Why Your Entry-Level Skills Are Always Valuable
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Why Your Entry-Level Skills Are Always Valuable

Happiness Science
Why Your Entry-Level Skills Are Always Valuable

It’s intern season, which means that offices everywhere are filled with an uncharacteristic number of young people seeing what office life is all about. No wonder record numbers of young people want to start their own businesses!

In all seriousness, I did a number of internships back in the day at media outlets. I still write for two of them (Fortune and USA Today). Since I’m still in the business, I sometimes get asked if these internships were useful.

The answer is yes, and not just for connections (there’s some of that, but a lot changes over in 15 years). At USA Today in particular I developed a skill I still use daily.

One of my duties on the USA Today op-ed page was to deal with the late Al Neuharth’s weekly column. Neuharth founded USA Today and kept writing a weekly column in his semi-retirement. It was very classic USA Today: short, always bullet points. And then, in keeping with USA Today’s desire to show all sides, he wanted two quotes from other people on the same topic he’d written about. The quotes could agree or disagree (disagreeing was better) and they needed to be from as big of names as possible.

As you can imagine, this was kind of a thankless job, finding famous people and getting them to comment on someone’s column. Naturally, it fell to the intern. He’d turn in his column on Wednesday and the quotes went in Friday’s paper. So I had approximately 24 hours to figure it out.

The first iteration was rough. My editor had to rescue me. But within a few weeks I had it down to a science. In Neuharth bullet-style, this is what I had to do:

  • Quickly familiarize myself with the topic. It could be anything; I think Mr. Neuharth liked to think of himself as a gentleman with many interests, and if he shared his ideas with the editors ahead of time, no one ever told me.
  • Identify experts. Who could plausibly be considered a quotable source on a topic? There are the obvious sorts, but I liked to exercise my own creativity here too. For a column on the World Series, I got a Chicago congressman to give a quote speculating that it could be an “L series” (or “El series”?) with his local teams.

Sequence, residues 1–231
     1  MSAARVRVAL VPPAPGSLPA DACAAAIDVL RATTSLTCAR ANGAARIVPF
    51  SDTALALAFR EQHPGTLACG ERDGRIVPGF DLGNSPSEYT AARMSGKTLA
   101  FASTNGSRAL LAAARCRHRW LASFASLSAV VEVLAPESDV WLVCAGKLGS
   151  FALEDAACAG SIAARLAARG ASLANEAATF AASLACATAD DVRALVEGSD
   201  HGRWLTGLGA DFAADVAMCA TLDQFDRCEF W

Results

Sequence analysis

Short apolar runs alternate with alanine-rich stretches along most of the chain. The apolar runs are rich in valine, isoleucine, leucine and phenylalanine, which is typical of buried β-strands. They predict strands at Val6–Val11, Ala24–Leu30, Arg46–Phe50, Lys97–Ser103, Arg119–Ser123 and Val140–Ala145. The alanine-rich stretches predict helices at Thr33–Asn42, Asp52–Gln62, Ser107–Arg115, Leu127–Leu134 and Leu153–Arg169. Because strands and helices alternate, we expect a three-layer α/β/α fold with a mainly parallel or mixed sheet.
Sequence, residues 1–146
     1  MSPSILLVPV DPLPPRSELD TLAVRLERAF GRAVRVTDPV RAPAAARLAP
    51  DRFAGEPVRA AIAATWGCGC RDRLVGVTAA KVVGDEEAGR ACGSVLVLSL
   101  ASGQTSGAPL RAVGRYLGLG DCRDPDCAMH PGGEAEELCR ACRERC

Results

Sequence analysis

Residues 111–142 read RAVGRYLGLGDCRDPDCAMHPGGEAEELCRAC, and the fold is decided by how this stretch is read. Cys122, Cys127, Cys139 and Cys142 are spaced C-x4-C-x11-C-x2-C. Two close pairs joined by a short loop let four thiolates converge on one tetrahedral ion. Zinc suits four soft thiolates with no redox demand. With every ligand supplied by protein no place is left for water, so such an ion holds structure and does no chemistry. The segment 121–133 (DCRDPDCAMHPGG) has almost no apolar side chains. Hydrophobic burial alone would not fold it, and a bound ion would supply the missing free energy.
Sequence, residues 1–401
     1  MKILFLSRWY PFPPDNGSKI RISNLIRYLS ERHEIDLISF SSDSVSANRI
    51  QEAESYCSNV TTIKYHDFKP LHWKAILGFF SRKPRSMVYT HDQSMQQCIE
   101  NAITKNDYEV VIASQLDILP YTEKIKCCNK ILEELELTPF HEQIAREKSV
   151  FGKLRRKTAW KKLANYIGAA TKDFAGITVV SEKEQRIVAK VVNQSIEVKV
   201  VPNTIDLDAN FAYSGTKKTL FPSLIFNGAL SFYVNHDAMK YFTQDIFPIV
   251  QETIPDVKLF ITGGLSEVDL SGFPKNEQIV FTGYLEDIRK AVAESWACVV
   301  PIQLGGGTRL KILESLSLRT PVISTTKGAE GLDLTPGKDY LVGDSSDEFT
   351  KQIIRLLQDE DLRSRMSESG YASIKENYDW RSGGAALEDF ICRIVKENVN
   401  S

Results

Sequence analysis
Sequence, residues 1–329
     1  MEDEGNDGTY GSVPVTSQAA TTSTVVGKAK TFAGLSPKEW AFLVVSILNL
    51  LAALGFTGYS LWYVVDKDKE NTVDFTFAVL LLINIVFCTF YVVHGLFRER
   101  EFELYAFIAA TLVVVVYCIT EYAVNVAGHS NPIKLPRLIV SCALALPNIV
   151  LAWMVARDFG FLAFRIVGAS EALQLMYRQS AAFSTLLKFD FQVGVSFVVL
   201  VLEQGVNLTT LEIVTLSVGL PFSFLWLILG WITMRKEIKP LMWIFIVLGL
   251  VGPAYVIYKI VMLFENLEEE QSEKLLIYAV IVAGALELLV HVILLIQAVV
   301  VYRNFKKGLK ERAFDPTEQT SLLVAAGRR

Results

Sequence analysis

• Hunt down expert contact info. I became a big fan of people who make their email addresses accessible. This was in 2001, so people were starting to be better about this, but even many people in PR still had one main phone number you had to call, which struck me as so inefficient. Email let me explain the whole thing without putting people on the spot.
  • Manage inventory. I needed two quotes but really couldn’t run more than that. So if I got 3 big names responding, someone (or someone’s PR person) would be annoyed. I tried not to leave on Wednesday without one quote in hand. I’d figure out the order in which to contact people; a smaller name I was sure I’d get could wait until I learned a bigger fish wouldn’t be coming.

I was thinking of this process this week as I found myself hunting for sources for four diverse pieces. Granted, I came up with the topics, but I’ve been trying to expand my list of sources lately. I also have a compressed workweek, not dissimilar to the 24-hours I had for finding the “Feedback” quotes on the “Plain Talk” column. I figure out who would be quotable, and how to reach them. I aim for a certain number of sources per piece, but I don’t want to overshoot and not be able to use something I spent my and my source’s valuable time gathering. At least these days I can stick my name on the finished product.

A version of this article originally appeared on Laura Vanderkam’s website

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